The grand pitfall of the official policy lies in the fact that Peronism has exhausted itself as a popular movement. It is a structure to administer the state, which no longer enthuses anyone. That is why the official marches are operations that are rigorously controlled from above. The complementary actions that Luis D'Elia [xi] provides also lack popular participation. They are initiatives widely seen as manoeuvres monitored from the Casa Rosada.
For a while the political clash between the government and the right seemed to resuscitate an old polarisation between Peronism and anti-Peronism, but this confrontation represents more cultural tinges than anything political, and it is very unlikely that it will be reborn as a significant conflict.
Regardless, what is important to avoid is false analogies that some have established between the dispute with the agro sector and the confrontations unfolding in Venezuela and Bolivia. As opposed to Evo Morales and Hugo Chavez, the Kirchners have established an alliance with the establishment, they do not collide with US imperialism, they do not clash with the dominant classes, nor have they put popular demands into play.
Given that its government is neither nationalist, nor has it introduced social reforms, it is false to compare the current conflict with the situation at the time of the first era of Peronism. Moreover, it is clear for all to see that the threat of a coup only exists as a discourse for certain occasions. There are no armed forces, nor sectors of the establishment interested in seeing Cristina end up like [Eva Peron].
Position and programs
The left has intervened in the conflict with a variety of positions, which have covered the whole spectrum of possible alternatives. The most inadmissible position is that which supports the bosses' lockout in defence of a ``small producer'', as if a scenario of small chacareros confronting the large landowners continued to exist. This supposition is based on a frozen snapshot of the past.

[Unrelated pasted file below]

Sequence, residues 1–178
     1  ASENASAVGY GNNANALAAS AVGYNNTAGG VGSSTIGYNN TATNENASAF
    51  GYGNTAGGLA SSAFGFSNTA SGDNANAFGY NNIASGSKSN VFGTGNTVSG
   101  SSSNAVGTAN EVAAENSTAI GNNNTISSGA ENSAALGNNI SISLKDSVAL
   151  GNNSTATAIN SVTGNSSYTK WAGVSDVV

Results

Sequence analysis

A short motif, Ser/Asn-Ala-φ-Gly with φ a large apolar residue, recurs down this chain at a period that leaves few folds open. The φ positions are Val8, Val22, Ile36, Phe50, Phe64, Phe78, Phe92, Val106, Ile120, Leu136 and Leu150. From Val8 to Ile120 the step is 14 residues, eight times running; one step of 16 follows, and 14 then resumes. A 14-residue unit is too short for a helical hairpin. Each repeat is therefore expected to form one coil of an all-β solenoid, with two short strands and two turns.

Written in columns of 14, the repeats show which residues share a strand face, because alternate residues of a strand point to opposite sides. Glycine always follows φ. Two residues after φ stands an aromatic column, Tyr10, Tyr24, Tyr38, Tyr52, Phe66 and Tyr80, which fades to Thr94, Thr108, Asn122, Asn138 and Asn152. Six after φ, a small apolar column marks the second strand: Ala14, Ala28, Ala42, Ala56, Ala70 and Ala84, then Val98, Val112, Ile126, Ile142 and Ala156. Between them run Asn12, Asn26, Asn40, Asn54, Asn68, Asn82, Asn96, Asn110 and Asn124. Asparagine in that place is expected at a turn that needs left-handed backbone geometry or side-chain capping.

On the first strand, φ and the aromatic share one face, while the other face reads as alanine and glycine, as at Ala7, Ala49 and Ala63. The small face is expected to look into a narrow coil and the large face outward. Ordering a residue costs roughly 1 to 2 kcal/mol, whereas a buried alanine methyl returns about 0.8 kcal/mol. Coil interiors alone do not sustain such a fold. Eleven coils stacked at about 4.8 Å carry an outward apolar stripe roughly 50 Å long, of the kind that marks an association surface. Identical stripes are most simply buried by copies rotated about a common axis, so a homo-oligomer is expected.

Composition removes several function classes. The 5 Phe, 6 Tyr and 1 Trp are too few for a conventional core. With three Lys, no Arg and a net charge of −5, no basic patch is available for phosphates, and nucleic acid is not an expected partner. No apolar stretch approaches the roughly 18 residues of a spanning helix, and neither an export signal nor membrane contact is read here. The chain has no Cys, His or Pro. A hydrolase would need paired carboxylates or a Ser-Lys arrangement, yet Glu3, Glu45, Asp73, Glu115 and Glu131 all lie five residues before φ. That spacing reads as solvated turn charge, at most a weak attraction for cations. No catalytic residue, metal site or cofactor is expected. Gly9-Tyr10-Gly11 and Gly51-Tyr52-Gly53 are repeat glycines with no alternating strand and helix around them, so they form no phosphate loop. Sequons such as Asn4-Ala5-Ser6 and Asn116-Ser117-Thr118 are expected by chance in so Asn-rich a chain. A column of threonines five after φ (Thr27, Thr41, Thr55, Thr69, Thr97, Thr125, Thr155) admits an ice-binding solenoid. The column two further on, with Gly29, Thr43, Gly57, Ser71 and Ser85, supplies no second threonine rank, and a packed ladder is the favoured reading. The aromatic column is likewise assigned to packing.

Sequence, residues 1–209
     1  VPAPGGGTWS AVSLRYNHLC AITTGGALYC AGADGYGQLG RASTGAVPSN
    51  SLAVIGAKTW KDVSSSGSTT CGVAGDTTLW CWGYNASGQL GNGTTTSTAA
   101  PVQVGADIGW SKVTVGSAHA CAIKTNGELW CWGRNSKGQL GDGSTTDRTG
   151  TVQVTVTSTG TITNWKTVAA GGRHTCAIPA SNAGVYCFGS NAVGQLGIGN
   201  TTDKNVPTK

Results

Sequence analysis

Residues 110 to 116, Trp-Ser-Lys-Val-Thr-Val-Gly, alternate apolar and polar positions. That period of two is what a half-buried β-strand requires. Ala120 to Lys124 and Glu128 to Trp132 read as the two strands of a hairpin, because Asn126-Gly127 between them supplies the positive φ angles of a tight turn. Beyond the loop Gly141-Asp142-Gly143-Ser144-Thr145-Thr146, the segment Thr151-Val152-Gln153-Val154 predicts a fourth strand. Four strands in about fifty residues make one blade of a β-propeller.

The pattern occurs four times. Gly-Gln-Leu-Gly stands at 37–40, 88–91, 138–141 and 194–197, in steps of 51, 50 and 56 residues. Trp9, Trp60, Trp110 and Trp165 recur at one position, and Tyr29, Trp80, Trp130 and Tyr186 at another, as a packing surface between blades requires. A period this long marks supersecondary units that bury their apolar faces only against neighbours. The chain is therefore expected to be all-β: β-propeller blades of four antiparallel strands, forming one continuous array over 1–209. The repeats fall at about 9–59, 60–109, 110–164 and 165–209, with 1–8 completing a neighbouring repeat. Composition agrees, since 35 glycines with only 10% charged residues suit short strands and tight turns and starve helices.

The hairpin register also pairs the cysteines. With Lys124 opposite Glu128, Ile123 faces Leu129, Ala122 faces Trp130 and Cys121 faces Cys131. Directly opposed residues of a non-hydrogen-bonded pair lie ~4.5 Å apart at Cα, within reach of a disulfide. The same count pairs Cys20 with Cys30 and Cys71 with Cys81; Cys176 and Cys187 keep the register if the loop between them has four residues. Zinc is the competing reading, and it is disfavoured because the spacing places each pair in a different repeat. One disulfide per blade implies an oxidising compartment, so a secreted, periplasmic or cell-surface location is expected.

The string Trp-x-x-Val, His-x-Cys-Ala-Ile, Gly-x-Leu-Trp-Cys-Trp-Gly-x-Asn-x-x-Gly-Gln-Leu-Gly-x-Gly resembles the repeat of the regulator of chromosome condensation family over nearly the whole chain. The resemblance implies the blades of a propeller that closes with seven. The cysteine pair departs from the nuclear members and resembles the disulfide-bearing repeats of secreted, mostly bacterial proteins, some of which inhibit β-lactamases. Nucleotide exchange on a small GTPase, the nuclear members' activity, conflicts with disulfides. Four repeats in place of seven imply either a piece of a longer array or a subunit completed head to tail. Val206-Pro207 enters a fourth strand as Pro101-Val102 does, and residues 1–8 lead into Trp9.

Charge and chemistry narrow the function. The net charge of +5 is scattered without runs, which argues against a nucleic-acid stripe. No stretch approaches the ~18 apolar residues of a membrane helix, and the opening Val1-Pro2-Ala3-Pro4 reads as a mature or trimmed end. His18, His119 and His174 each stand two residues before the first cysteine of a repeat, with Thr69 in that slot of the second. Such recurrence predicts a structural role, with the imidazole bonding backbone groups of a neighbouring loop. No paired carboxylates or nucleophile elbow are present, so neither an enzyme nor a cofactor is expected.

Moreover, the idealisation of any struggle with the appearance of being self-convoked, has led to a loss of bearing regarding the characterisation of the protagonists and the demands in debate. This blindness has fed upon the false analogy with the pot-banging protests of 2001 and the lack of knowledge of the reactionary role that the mobilisations of the middle class (in some circumstances) can play (as occurred with the truck drivers in Chile under Salvador Allende or the students in Venezuela at the moment).
The incapacity to register the conflicts between Kirchner and the right and the obsession with locating the government as the principal enemy, leads to sharing media space and practical actions with figures of the reaction.
A symmetrical error can be seen amongst those who support the government, accepting the argument of a coup plot. In this case, the focus is on criticising the ruralistas and the mass media, omitting any denouncement of the evident complicity of the Kirchners with the soya corporations. The government is presented as the victim, forgetting that it has been the artifice of the regressive agrarian policy that precipitated the crisis.
It is clear that none of the traditional arguments in defence of the government (``lesser evil'', ``adverse correlation of forces'', ``dangers of the return of neoliberalism'') are able to disguise the connivance between the government and soya capitalism. Despite this evidence, the resurgence of the right has pushed some intellectuals to participate in a second wave of kirchnerista cooption.
The belief that it is necessary to take a position in favour of the ruralistas or the government proposes a completely false dilemma. It is perfectly possible to denounce the lockout without supporting the government, and it is important to explain the reasons why the taxes are necessary with modalities very different to those currently being used.
There is another path towards overcoming the crisis with alternative programs that have already been formulated by various currents and left intellectuals. The starting point is an agrarian plan to put a halt to the omnipresence of soya, recuperation of diversity in cultivation, assurance of food sovereignty and the facilitation of lowering of prices on food.